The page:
You were really accurate when you stated that it is difficult to find accurate pricing information for the various sites in Egypt. Thank you for listing those. I also appreciate your opinion of the “best” sites and activities at each destination. I was delighted to find someone who enjoyed the camel ride(s) without the hassle. I hope its acceptable to have copied/pasted some of your information into our itinerary/notes. I will include your web address.
    Our trip is scheduled for three weeks in late November/ early December. Although we usually arrange our tours ourselves, I decided that it would be worth our time and money (and safety/lack of hassles) to have a tour company do it. We decided on Kensington Tours because they offered private tours. We didn’t want to be in a group with a fixed schedule; instead, we want to be able to stay at each site as long as I am able to keep my husband engaged. We will have a tour representative/guide/Egyptologist drive us to each destination and accompany us at each site. We are also including Alexandria and Al Fayoum Oasis in our tour.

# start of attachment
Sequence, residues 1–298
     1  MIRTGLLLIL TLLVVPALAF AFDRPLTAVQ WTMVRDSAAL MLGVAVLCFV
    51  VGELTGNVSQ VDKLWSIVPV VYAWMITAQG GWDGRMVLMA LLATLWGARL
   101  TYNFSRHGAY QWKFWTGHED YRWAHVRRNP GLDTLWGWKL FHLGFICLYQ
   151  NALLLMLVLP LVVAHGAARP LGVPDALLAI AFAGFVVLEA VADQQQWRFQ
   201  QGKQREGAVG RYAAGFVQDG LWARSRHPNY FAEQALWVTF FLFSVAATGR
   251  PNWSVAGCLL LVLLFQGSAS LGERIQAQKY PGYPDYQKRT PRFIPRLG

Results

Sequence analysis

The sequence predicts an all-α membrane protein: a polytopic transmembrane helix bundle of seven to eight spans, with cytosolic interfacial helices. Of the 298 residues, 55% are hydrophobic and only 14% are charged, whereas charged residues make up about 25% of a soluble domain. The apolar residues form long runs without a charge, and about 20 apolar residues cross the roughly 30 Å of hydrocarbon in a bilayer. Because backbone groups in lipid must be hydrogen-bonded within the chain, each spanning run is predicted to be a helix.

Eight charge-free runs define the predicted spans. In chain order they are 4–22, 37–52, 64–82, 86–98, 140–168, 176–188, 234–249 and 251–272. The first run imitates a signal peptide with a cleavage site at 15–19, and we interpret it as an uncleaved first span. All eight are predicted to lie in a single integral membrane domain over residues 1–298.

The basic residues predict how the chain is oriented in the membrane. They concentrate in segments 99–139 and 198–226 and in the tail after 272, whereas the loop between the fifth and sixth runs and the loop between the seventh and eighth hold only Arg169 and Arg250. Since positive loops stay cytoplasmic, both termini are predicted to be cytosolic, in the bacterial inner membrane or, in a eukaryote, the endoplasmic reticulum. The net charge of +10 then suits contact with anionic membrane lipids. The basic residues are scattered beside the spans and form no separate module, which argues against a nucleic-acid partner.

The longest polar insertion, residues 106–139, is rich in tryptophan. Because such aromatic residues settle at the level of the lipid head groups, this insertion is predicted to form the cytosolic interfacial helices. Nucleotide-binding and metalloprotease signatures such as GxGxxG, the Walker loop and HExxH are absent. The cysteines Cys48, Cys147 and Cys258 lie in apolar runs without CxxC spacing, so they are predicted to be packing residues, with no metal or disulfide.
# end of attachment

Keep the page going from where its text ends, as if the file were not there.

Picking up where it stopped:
The only thing I can think about that we still need to know but cannot find out is about toilets. Although my guidebooks mention toilets located at various sites, both my husband and I, because of physical limitations in “squatting”, must have Western (“sit-down”) toilets available. I know that nicer restaurants and hotels have them, but are they at the sites also?
    Thanks for your delightful website.

    1. Avatar for Julie Post

      Hello Melinda. Thanks for writing in. At the main sights, such as Valley of the Kings and Queens, Karnak and Luxor Temples, Dendera, Abydos, there are bathrooms with western style toilets, for the most part. There were just a few times that I remember using a squat potty and these were in Cairo. The bathrooms aren’t the cleanest. Each bathroom usually has an attendant that you will have to tip, just a few Egyptian coins are fine. They will give you some toilet paper to use but it’s also a good idea to bring some of your own. Hand sanitizer would be good to have after using the bathroom, too. We prefer to travel independently, too, but we were very glad to have a guide while in Egypt. It’s fine to cut and paste our info, just please don’t republish it online. I hope you have a great trip to Egypt! Cheers, Julie